GMRC only sponsors new commercial enterprise businesses that qualify for Rural Targeted Employment Area (TEA) designation. GMRC and other industry experts feel a Rural TEA is safer than a High Unemployment TEA because a Rural TEA designation cannot change quickly. A High Unemployment TEA can change very quickly, and the reduced investment amount be potentially denied at the time an investor’s I-526 is reviewed by USCIS.


There is a specific set of criteria that an EB-5 project location must meet to qualify for Rural TEA designation. Rural areas must not be within a metropolitan statistical area as labeled by the U.S. Office of Management and Budget. A rural area must also be outside of a town or city that has a population of 20,000 residents based on the most recent decennial U.S. Census (currently 2010). If the project location is a rural area at the time of the EB-5 investment, then it may be designated as a Rural TEA, and qualifies the investor for the reduced EB-5 investment amount of $900,000 USD.


Under the new rules, states are no longer permitted to certify High Unemployment TEAs, and so each I-526 must include evidence documenting that the area where the petitioner has invested or is actively in the process of investing is a high unemployment area at the applicable time of determination. According to USCIS, evidence for high unemployment TEAs should be reliable and verifiable and could consist of the following:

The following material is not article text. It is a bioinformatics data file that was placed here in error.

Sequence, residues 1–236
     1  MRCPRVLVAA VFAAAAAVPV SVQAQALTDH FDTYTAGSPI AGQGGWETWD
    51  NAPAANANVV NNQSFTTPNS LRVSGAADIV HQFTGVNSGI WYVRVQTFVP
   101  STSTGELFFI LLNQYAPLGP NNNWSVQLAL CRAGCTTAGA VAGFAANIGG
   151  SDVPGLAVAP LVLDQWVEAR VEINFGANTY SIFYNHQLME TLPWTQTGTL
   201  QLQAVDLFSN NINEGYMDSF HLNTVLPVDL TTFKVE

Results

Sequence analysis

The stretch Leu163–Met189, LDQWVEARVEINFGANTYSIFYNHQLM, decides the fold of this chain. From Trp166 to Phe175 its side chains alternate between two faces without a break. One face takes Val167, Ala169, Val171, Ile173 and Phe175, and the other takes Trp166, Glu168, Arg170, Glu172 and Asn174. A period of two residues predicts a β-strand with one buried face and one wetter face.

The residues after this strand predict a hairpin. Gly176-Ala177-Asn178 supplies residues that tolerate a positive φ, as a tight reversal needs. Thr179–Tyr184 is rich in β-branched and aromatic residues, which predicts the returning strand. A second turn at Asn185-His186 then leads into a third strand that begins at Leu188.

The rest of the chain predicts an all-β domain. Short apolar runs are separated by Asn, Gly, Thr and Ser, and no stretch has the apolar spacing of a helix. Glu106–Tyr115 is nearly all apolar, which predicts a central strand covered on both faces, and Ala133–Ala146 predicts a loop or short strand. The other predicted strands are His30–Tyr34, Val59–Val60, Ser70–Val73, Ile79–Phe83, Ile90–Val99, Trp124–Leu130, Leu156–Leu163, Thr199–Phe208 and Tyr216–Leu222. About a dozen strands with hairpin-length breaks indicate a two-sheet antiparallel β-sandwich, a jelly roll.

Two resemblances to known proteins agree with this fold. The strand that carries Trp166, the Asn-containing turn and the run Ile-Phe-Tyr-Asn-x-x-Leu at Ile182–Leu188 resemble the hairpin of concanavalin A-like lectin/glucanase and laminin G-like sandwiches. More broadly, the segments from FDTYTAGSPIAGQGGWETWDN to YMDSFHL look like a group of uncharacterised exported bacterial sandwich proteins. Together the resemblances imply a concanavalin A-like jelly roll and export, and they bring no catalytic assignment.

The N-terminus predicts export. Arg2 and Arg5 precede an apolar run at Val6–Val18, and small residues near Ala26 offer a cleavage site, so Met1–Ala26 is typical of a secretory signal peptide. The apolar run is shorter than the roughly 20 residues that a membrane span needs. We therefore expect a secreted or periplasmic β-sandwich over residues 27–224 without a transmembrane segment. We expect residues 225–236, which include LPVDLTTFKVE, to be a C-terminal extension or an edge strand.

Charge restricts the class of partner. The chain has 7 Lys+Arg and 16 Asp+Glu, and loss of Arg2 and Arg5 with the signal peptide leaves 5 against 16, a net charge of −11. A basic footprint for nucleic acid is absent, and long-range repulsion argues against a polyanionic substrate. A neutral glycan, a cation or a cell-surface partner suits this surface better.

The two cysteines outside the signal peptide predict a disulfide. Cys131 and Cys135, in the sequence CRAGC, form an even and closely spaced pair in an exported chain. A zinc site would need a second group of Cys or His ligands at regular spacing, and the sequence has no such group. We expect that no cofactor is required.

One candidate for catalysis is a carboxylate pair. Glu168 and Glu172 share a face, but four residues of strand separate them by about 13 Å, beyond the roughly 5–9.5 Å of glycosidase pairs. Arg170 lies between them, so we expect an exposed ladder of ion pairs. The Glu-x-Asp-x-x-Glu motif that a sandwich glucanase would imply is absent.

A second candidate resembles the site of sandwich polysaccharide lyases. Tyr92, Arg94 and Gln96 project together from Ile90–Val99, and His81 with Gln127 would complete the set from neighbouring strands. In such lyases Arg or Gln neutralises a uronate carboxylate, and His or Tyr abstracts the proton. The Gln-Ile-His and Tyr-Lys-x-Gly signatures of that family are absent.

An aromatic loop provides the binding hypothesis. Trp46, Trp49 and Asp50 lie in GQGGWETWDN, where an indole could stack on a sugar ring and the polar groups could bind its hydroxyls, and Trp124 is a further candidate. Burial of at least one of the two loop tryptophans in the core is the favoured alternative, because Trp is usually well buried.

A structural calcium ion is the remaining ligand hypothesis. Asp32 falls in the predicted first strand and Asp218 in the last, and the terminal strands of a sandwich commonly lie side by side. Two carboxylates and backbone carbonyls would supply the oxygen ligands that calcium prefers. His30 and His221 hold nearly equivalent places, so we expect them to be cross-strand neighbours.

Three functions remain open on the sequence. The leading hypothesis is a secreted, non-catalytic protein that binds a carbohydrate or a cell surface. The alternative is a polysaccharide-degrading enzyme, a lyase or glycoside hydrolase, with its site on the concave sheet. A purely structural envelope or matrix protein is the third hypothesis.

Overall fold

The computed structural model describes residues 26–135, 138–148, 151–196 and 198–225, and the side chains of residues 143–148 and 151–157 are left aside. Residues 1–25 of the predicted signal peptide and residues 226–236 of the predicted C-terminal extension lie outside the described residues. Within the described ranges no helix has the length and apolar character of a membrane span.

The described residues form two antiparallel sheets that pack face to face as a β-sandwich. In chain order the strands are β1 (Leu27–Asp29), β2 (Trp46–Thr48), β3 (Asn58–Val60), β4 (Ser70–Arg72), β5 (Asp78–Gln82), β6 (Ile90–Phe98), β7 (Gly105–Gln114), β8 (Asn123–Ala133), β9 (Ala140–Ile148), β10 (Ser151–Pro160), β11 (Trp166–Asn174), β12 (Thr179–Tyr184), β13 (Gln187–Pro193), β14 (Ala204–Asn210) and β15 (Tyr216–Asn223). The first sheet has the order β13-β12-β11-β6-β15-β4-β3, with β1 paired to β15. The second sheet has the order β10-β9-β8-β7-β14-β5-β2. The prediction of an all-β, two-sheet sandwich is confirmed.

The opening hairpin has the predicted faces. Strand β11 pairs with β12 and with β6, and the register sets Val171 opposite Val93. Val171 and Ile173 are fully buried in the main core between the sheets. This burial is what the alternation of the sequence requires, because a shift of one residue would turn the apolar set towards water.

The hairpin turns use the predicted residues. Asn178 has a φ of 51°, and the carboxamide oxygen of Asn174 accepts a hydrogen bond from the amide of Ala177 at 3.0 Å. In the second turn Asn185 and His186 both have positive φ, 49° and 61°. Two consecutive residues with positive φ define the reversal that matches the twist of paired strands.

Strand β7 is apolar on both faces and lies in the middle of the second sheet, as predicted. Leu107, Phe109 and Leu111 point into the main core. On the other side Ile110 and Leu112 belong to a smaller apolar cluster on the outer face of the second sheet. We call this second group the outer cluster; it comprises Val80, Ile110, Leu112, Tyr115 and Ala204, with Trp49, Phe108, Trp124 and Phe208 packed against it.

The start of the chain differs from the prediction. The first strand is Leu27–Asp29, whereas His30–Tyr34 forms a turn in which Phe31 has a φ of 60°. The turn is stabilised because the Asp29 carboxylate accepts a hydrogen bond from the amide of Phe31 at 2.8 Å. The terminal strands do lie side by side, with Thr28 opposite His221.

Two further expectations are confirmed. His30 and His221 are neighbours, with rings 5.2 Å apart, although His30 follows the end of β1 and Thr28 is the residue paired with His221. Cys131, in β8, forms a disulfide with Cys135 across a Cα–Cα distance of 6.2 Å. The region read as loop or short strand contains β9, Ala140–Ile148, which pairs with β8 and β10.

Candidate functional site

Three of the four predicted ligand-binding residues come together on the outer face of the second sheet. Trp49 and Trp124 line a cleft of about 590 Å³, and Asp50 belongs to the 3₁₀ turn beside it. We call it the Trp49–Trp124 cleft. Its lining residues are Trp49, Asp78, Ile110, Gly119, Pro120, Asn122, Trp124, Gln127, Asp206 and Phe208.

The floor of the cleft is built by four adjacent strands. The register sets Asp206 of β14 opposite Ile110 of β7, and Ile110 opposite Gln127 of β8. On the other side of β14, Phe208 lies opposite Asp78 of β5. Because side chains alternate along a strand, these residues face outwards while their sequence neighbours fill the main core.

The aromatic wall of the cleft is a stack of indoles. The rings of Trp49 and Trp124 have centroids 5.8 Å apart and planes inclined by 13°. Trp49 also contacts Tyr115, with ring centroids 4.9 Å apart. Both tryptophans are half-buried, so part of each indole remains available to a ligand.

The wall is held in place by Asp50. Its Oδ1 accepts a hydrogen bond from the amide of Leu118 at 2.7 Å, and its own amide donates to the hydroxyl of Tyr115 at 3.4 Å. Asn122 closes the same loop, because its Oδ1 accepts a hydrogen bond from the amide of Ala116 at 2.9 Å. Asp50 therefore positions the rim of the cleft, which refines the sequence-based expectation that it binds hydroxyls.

Location where the project is principally doing business


    Map that clearly demonstrates the census tract or tracts that are included in the proposed TEA
(Limited to directly adjacent tracts only, if proposing multiple tracts)


    Detail behind the calculations of the weighted average of the unemployment rate for the proposed TEA


    A source of “reliable and verifiable” unemployment statistics for the proposed TEA.

Department of Homeland Security (DHS) states that labor force data published by the American Community Survey (ACS) and the Bureau of Labor Statistics (BLS) qualify as reliable and verifiable data sources, so these two datasets can be used to provide evidence that a site qualifies as a High Unemployment TEA.

An EB-5 project can qualify as a High Unemployment TEA if the principal location of the project is located in a high unemployment area at the time the EB-5 investment is made or at the time the I-526 is filed (whichever comes first).

National and regional unemployment numbers fluctuate. It is expected that over the next couple years unemployment rates will be especially volatile as Covid-19 affects national and regional economies. Therefore, to enhance investor safety, GMRC only considers Rural TEA projects.


GMRC does not want to risk an investor’s qualifying investment amount doubling from $900,000 to $1,800,000 because of fluctuations in national and regional unemployment figures. Therefore, we only work with Rural TEA qualified EB-5 projects